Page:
How should climate change be taught?

The external release of documents relating to the activities of the Heartland Institute has raised many questions, but an important issue that is now in the open again relates to the teaching of climate change in schools. How should this be handled and what should be taught? Is there justification in arguing that “both sides” of the issue should be covered? Are there “two sides” to this issue? If so, what exactly are the “two sides”, particularly in the context of a high school education?

My own experience with this issue is through the education of my son (now in his second last year of school in the UK). Climate change has seeped into a very wide variety of his subjects over the years, including chemistry, biology, geography and now economics. The message has been pretty consistent over time, i.e. “we are changing the composition of the atmosphere, that will have implications for future generations and here are some of the things that we might have to deal with.” This has resulted in a person with a pretty balanced view of the issue and some good insight into the economic thinking that supports carbon pricing within an economy. He is far from a climate zealot (not at all in fact) and is prepared to question the material he is presented with – which in turn leads to some interesting discussions between us.

But I remain unconvinced that the basic science has been taught with rigor, at least to the extent that there is a reasonable understanding of the atmospheric physics / chemistry at work. More focus on this aspect of the subject could do much to settle the issue of “both sides”. At least at this level there simply aren’t two sides. We know the earth behaves as a black body, we know that Plancks law applies to black bodies and even in high school it is possible to demonstrate that this doesn’t give us a correct answer for the calculation of the surface temperature of the planet (and I remember doing Planks Law in final year school physics myself). This then leads to an understanding that other processes are in play (trace gases in the atmosphere) and that we are now influencing those processes.

One of the difficulties with this subject is that it starts from a very small fact base of core physical principles and grows almost exponentially in both complexity and uncertainty. We then end up making very uncertain connections at the top, which not surprisingly raises the ire of some people. For example, there is plenty of imagery that links driving cars, flying in an aeroplane or even turning on a light with the threat of survival of polar bears (just to pick an example).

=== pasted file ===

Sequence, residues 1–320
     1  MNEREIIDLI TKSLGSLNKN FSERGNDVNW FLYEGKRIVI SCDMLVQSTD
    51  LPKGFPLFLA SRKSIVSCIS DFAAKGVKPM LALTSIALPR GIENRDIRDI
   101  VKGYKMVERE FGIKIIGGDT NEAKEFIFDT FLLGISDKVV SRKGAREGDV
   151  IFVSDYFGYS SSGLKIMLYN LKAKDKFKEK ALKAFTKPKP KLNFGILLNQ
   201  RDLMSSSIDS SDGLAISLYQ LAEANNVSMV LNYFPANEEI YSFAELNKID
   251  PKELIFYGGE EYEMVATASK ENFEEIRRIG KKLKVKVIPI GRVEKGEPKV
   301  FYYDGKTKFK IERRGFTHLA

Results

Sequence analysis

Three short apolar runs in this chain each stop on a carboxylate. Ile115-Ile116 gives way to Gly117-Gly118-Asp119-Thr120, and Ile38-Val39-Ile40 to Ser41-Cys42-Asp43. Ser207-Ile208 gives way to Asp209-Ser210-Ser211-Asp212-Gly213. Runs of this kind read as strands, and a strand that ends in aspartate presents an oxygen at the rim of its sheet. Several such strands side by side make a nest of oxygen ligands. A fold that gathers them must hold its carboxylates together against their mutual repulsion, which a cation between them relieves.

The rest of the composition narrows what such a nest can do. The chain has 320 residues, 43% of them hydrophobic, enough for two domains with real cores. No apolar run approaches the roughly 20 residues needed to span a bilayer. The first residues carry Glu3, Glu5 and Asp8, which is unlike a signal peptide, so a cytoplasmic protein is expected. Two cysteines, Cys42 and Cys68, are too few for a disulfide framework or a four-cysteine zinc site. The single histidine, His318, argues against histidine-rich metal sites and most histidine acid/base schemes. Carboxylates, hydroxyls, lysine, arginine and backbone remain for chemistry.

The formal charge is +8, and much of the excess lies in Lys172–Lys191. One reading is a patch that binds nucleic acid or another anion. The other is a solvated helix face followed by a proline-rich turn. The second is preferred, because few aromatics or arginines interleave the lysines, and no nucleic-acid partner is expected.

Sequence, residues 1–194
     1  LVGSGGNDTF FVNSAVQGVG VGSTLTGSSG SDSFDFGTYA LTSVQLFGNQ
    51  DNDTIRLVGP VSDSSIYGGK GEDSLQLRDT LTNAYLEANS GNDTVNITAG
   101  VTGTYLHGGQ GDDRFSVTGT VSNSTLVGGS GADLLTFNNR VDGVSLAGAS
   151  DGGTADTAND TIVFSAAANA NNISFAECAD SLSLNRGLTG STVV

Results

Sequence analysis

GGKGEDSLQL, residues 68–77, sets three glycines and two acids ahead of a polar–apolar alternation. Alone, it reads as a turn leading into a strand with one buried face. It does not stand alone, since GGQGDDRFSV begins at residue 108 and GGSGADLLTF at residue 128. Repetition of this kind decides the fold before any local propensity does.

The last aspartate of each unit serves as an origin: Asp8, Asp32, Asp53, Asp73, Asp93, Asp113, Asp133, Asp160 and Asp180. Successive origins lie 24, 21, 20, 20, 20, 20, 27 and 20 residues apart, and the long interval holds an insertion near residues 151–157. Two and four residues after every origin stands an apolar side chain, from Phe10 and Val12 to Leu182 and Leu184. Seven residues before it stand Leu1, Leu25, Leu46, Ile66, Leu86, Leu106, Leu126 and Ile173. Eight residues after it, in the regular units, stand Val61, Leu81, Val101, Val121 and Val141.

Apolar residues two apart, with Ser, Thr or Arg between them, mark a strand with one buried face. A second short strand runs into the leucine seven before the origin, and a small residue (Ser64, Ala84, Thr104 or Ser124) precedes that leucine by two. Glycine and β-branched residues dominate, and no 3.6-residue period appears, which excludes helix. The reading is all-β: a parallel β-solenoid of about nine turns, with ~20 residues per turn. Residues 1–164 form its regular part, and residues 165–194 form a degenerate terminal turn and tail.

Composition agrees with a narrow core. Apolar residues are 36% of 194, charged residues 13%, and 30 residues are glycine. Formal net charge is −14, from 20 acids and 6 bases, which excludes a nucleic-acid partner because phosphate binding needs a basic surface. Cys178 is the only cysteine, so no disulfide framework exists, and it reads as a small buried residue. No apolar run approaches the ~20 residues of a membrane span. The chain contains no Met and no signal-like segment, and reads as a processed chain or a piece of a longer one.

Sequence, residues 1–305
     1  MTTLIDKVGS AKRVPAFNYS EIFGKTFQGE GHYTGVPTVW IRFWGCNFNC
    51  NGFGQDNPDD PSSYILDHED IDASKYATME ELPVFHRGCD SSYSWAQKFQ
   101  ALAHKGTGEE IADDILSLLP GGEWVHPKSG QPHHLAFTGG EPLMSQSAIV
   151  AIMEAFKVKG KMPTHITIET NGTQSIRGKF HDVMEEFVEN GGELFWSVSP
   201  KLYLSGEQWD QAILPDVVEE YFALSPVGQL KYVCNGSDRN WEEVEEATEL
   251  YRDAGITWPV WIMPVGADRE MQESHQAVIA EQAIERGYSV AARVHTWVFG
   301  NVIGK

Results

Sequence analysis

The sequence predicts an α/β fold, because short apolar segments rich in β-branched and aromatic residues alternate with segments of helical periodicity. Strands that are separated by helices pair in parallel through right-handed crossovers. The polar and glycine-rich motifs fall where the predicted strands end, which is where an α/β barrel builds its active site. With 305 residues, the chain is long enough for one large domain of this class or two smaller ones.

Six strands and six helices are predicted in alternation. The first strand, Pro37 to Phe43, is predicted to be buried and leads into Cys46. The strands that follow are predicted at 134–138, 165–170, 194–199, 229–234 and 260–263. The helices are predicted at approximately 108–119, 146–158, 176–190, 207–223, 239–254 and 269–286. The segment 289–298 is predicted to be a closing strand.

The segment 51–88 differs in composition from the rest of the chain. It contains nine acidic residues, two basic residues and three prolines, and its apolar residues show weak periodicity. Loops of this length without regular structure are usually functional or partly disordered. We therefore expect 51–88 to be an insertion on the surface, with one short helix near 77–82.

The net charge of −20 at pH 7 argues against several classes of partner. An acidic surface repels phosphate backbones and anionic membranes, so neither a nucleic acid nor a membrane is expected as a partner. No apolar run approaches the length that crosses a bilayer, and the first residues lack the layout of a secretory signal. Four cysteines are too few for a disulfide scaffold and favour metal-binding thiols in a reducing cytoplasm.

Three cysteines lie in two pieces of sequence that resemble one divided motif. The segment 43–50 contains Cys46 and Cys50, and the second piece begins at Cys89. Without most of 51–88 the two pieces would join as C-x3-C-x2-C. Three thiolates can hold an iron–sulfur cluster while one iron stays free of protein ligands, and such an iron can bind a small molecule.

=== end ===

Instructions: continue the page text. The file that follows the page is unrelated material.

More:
Then there is the link through many layers of climate science;

  • The release of CO2 into the atmosphere from the fossil fuel used to produce electricity (but not in France or Iceland of course);
  • The source of the fossil fuel and the CO2 released in its production and transport;
  • The wattage of the light bulb used and the time it is left on;
  • The change in radiative forcing as a result of additional CO2 in the atmosphere;
  • The sensitivity of the climate system to the additional forcing;
  • The impact that particulates released from the power station might have in changing the global radiative forcing;
  • The net temperature rise of the planet;
  • The impact the temperature rise has on Arctic ice in areas where the polar bear is most threatened;
  • The impact any ice reduction has on the longevity and reproduction cycle of polar bears in a particular area;

. . . . and so on.

Physics and chemistry today have delivered a high level of certainty regarding the behaviour of CO2 molecules in the atmosphere. But the fate of the polar bear is highly uncertain as are the precise causes of all the changes in its habitat. Yet, at least for younger students we tend to start with material that has high imbedded uncertainty and teach it as if it is fact, which of course it isn’t. This then leads to the call from some members of the community to present “both sides” of the issue, when in fact there aren’t any sides at all. The “both sides” call is then also interpreted by others as evidence that there is interpretation and uncertainty at the core of the issue, i.e. with the physics that underpins it, when in fact there is very little uncertainty. In a posting in July last year I recalled the speech given by Nobel Prize winning atmospheric chemist Mario Moilina (who unraveled the chemistry of CFCs and ozone) at an MIT event, where he started by saying “Since when was the Stefan Boltzman constant in dispute?” In fact it isn’t in dispute at all and we know with great precision how our planet radiates in the infra-red.

This issue isn’t just about school education, but also pertains to the education of the general public when it comes to establishing climate policy. It’s the same problem that occurs when a particular weather event is linked to CO2 emissions.

I am not a professional educator, but this line of reasoning seems to point to the need for the teaching of climate change issues at a much later point in the school curriculum and focusing more on the underlying science earlier on. We don’t teach maths by starting with chaos theory, calculus and complex numbers, rather we start with basic numerical techniques, then algebra, trigonometry and so on. This should perhaps also be true for climate change. The well understood processes that underpin the issue should be taught as a lead-in to the much broader discussion. Then at least the students can think about and debate the “two sides” for themselves.